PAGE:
Anniversaries signify dates of a celebratory nature. We reflect on the past and the importance of a milestone. In the Disney universe, certain years warrant attention for the amount of quality content produce and momentous occasions held. Some might argue 1989 was Disney’s biggest year, launching the “Disney renaissance” with the release of The Little Mermaid and also the opening of Disney’s fifth theme park (Disney-MGM Studios). Others would consider 1928 (the debut of Mickey Mouse), 1937 (the release of Snow White and the Seven Dwarfs), and 1955 (Disneyland’s opening) as equally significant. If we look into the future, 2015 may prove to be Disney’s most monumental year with new films from Lucasfilm, Marvel, Pixar and even a few major releases from Disney itself.
But how can anyone forget or dismiss 1964? This was the definitive Disney year in multiple realms. The events that took place during this 12-month period forever altered the landscape of The Walt Disney Company. 50 years later, I reason that the Disney we treasure today would not exist without the turning points that occurred in 1964.
Mary Poppins 2-Disc Blu-ray/DVD/Digital | DVD/Digital l Instant
Directed by Robert Stevenson
Starring Julie Andrews, Dick Van Dyke, David Tomlinson, Glynis Johns, Karen Dotrice, Matthew Garber and Ed Wynn
Walt Disney Home Entertainment
Release Date: Dec. 10, 2013
Mary Poppins, the winner of five Academy Awards, flies onto Disney Blu-ray for the first time ever in honor of its (premature) 50th anniversary and the forthcoming release of Saving Mr. Banks. But is the Julie Andrews and Dick Van Dyke musical practically perfect in every way? The film, yes. The Blu-ray release itself, only practically, as the less-than-perfect presentation and lack of copious new supplemental material have much to be desired.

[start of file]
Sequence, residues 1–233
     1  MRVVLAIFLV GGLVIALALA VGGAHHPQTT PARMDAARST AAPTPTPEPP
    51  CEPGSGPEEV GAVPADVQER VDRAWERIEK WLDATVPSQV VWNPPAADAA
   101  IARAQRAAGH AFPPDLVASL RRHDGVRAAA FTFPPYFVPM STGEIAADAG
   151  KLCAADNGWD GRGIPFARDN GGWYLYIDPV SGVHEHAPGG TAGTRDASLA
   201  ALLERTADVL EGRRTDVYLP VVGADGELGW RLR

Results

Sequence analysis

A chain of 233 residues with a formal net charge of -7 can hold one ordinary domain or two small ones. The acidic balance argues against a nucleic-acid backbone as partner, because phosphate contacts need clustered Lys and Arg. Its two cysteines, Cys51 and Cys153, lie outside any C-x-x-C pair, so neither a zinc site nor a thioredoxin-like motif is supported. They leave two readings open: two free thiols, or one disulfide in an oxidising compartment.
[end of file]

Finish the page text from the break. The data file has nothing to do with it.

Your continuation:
Critics and everyday individuals alike regard Poppins as one of Walt Disney’s finest achievements – if not his finest piece of cinema – for what the movie represented back in 1964, and how it holds up today. The film, inspired by the P.L. Travers work, showcases how the family dynamic of an early 20th-century clan in London is transformed by the introduction of one very ideal, precise and magical nanny. The tale captured our imaginations, portraying an atmosphere where children could leap into sidewalk drawings and a fantastic woman could soar above the cityscape with an umbrella and carpetbag in tow. The scene, utterly delightful. The people, certainly relatable. The combo, undeniably winning. But what makes Mary Poppins work so well? Credit a combination of elements at play.
Saving Mr. Banks marks the debut of a Disney film where its founder, Walt Disney, is depicted as a character, and attendees at the D23 Expo in Anaheim, CA, yesterday were among the first to watch scenes from the feature.
Jason Schwartzman and B.J. Novak, who play Richard and Robert Sherman, respectively, the brothers who wrote the songs to Mary Poppins, appeared at the Expo to share memories and footage.
The first scene showed Emma Thompson‘s P.L. Travers, the woman who wrote the book later adapted into the Mary Poppins film we all love, arriving at the Walt Disney Studios in Burbank, circa 1961.
The D23 Destination D event, held at the Disneyland Resort a few weeks ago, not only focused on the array of Disney animated features, but also on the musical acts who helped make those films even more memorable.
D23 brought back the winning act that won audiences at the 2011 D23 Expo (Dick Van Dyke and The Vantastix). This first-class concert made me feel like a chimney sweep, “as lucky can be,” for experiencing this performance was “practically perfect in every way.”